Video games, a smart investment?
June 18, 2009
About a year ago I was browsing on EBay for the first time. I discovered the video game section of the site and decided to see what some of my games were worth.
When I found that people were paying a hundred bucks plus for some of the games I have collecting dust, I was shocked. I started thinking. Has anyone tried making a long term investment out of collecting video games? Would it even work?
I started doing some light research and this is what I’ve come up with so far. Just a fair warning lol I am pretty much typing as I’m thinking, so this could end up going anywhere.
The three main components to having a solid collector’s item:
1) A WORKING game
2) The original Box/Case in decent condition
3) Inserts (Manuals, map, etc).
And if we’re talking Playstation, for example, if the game is “black label”, meaning you purchased the game before it became a “Greatest Hits” version. Greatest Hits aren’t worth as much, obviously.
Let?s take a look at Earthbound for SNES.
As of 6/17/2009, the cheapest price I could find?
For the cartridge
For the box and inserts (comes together)
EBay: $105 (This one was an auction. It still had several hours to go.)
For the “whole package” (excluding Players Guide)
Or, you could be exempt from making that hard decision and just have your own copy lying around from way back when.
I am a video came collector. I seriously give kudos to those that sell their games because I don’t think I could ever bring myself to do it. (Check out my collection. It’s only about 200+ but for me, its more games than I know what to do with…its sick) So when I heard that these games were worth so much, I immediately thanked my lucky stars, that when I was only 6, I was smart enough to keep all the video game manuals/inserts that came with my SNES games.
I called my mom and asked her what she had done with my SNES game boxes. Her response:
“Oh honey, I burned those a long time ago.”
Before me flashed an image of ashy, burnt Benjamins, floating into the sky above a blazing fire.
But would I have really sold them? No, probably not. If anything, I was hoping they would be worth more in the future.
But will they be?
I haven’t been following this for that long, but from what I’ve learned and seen over the year, it’s hard to say whether or not the value of vintage games are going to appreciate or depreciate.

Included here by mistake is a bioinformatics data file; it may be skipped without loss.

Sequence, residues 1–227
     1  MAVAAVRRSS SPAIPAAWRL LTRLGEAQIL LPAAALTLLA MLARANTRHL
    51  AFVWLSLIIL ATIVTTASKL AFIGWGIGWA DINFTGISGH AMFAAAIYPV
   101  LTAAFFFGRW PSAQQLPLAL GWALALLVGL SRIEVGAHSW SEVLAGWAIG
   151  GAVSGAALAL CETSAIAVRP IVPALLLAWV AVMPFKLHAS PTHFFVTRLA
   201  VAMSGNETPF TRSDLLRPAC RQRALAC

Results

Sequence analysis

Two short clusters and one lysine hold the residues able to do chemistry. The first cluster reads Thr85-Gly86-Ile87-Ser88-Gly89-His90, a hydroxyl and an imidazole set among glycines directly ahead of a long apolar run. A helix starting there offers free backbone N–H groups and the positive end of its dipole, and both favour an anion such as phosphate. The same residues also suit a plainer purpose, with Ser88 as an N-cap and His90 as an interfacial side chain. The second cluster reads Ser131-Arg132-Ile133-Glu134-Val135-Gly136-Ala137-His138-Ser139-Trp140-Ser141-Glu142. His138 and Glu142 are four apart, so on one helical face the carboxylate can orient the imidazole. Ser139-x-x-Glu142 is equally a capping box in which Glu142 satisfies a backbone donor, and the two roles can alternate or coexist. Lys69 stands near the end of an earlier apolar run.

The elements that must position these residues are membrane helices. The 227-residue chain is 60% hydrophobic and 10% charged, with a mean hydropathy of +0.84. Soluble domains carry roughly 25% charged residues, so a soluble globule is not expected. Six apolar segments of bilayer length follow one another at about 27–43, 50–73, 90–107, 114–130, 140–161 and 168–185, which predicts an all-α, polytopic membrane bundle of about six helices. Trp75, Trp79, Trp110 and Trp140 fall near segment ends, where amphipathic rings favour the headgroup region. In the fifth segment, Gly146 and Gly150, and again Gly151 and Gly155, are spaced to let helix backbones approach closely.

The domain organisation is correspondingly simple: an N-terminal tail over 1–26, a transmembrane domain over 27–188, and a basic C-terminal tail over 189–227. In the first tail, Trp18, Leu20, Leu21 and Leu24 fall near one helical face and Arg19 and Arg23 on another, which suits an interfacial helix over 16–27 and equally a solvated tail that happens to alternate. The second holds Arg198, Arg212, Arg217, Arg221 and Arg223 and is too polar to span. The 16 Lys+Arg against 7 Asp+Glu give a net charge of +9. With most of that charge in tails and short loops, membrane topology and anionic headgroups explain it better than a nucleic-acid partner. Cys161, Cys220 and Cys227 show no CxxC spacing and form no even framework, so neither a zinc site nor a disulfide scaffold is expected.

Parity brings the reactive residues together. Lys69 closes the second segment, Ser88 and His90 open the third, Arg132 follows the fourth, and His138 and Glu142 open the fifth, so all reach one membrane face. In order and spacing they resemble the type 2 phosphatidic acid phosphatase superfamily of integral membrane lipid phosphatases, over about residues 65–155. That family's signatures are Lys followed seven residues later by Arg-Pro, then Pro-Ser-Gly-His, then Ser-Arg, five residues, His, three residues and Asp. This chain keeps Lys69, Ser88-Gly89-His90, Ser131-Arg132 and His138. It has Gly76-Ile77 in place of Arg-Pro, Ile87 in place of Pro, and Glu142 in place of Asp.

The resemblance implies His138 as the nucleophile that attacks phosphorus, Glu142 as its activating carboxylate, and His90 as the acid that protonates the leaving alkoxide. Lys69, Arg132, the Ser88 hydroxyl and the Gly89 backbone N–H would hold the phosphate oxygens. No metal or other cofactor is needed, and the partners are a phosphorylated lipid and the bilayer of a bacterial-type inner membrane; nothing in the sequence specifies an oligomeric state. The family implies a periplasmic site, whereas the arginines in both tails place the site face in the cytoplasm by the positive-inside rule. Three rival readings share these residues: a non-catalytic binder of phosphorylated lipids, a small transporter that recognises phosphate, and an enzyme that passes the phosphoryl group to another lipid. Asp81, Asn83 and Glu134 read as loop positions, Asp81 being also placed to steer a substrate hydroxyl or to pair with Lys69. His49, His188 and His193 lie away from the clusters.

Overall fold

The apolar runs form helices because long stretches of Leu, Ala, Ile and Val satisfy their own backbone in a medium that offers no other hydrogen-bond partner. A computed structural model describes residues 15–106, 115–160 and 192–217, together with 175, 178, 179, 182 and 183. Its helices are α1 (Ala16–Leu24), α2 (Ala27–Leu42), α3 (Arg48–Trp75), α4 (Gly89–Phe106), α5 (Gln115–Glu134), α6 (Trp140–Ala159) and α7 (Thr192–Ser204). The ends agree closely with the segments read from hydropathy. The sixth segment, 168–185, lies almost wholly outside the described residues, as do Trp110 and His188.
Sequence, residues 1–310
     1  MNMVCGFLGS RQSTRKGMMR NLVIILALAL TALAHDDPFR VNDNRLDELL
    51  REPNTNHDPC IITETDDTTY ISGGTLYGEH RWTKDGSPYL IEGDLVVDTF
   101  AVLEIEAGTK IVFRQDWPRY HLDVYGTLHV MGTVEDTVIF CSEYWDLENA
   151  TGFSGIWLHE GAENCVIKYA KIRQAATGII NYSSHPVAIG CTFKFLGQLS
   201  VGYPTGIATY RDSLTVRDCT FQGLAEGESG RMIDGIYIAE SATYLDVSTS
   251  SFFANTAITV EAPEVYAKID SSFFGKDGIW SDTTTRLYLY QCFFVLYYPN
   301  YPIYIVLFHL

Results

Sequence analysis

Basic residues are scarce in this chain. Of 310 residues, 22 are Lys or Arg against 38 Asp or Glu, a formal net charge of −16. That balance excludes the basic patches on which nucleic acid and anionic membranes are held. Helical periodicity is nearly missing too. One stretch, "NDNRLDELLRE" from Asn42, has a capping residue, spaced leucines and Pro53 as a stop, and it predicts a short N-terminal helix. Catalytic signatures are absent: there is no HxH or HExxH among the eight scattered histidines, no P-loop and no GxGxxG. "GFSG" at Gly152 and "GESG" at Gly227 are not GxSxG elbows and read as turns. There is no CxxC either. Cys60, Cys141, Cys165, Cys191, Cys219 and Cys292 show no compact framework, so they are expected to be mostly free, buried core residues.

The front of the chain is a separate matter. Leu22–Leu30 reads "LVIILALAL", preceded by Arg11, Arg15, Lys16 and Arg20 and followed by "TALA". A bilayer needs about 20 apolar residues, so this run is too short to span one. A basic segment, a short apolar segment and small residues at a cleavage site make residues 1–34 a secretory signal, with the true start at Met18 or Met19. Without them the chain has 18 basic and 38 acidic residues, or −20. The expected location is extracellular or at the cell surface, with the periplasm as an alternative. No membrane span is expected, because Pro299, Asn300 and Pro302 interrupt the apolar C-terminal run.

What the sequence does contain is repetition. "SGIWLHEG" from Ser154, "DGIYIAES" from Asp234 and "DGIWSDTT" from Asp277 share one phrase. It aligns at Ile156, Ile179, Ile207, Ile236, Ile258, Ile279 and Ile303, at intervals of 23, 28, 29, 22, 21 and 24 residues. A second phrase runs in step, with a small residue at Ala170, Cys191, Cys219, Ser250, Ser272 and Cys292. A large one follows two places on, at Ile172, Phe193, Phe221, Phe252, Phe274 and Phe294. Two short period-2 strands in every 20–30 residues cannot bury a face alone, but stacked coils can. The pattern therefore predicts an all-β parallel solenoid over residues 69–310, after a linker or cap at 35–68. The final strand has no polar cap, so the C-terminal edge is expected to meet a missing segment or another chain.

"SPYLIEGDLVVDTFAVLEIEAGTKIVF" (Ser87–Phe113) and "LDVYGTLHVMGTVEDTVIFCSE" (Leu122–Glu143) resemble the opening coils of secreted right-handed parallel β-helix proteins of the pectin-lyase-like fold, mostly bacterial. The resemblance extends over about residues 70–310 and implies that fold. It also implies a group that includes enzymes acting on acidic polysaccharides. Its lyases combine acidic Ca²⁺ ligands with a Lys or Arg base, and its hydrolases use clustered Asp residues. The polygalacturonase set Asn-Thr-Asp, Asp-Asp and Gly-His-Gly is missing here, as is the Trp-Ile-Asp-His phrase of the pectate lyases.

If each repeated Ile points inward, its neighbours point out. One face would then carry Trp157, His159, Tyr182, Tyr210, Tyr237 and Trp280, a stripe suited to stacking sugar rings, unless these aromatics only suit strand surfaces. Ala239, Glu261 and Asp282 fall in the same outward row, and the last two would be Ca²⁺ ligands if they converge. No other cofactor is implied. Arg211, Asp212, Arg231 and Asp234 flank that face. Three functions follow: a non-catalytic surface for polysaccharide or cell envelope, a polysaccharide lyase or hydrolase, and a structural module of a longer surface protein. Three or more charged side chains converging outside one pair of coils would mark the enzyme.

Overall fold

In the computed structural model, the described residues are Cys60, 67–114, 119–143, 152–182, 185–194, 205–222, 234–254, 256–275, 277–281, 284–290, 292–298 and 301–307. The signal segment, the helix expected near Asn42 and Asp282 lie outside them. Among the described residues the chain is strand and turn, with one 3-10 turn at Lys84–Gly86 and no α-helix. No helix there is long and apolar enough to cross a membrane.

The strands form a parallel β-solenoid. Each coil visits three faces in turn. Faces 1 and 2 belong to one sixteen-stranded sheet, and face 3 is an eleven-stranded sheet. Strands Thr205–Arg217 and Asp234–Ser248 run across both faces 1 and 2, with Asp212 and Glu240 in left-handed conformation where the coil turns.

With the fairly new downloadable services on all the current gen consoles, such as the Wii Shopping Channel, Playstation Store and XBLA, how is this going to impact worth?
Let’s talk Chrono Trigger for SNES. This game was originally released in 1995. It has been released how many times? 3 including the SNES version? The game is easily available. So I find it hard to believe that people are spending, on average, $100.00 + (for the complete box set) just for the gaming experience, when they can pick up Final Fantasy Chronicles (PS1 game which includes FFIV and Chrono Trigger) brand new for around $15 bucks, or, if you have a DS, go get that version.
(Unless the only system you own is a SNES, but really now? I figure if the only reason you are spending that kind of money on that game is because you want to play it, and the SNES is the only system you have, you could buy a PS1 & FF Chronicles for that price.)
Final Fantasy VII. Arguably one of the greatest games of all times, and only available for the PS1/PC until recently. You can pick up the PS1 gem on EBay roughly anywhere from $60-$100+ depending on what you want. Now that it is available for download on the PS3 for what, 10 bucks, how is that going to affect the value?
Who or what is keeping these prices competitive? Is it collectors? Or gamers who want to play a game like FFVII but never had the chance, that don’t care about cases or inserts and will jump at the fi
Well, that ended abruptly. Even the original post on IGN is cut off. So I guess that’s that! But now that I’ve been at this videogame collecting biz for a few years, I have a better grasp on the topic.
First of all, to make money you have to spend money. That being said, where does one find vintage games? Sure, you could waltz to your closest used game shop, but you’ll end up paying however much money the game is actually worth, defeating the purpose. After all, they’re trying to play the same “get money” game you are.
Garage sales, pawn shops, etc are where to look if you want to score games for dirt cheap and turn that around for a profit. Example: This weekend I spent five dollars on about ten cartridge games. I probably could go on eBay and sell all of them for 150 dollars–but you know I won’t cuz I’m a hoarder. ;)
So, are games a smart investment? Meh. I’d say older games can be good for a quick 50 bucks or so, but I definitely don’t think it’s something you’ll be able to sell and live off of, unless you run a used game store or something.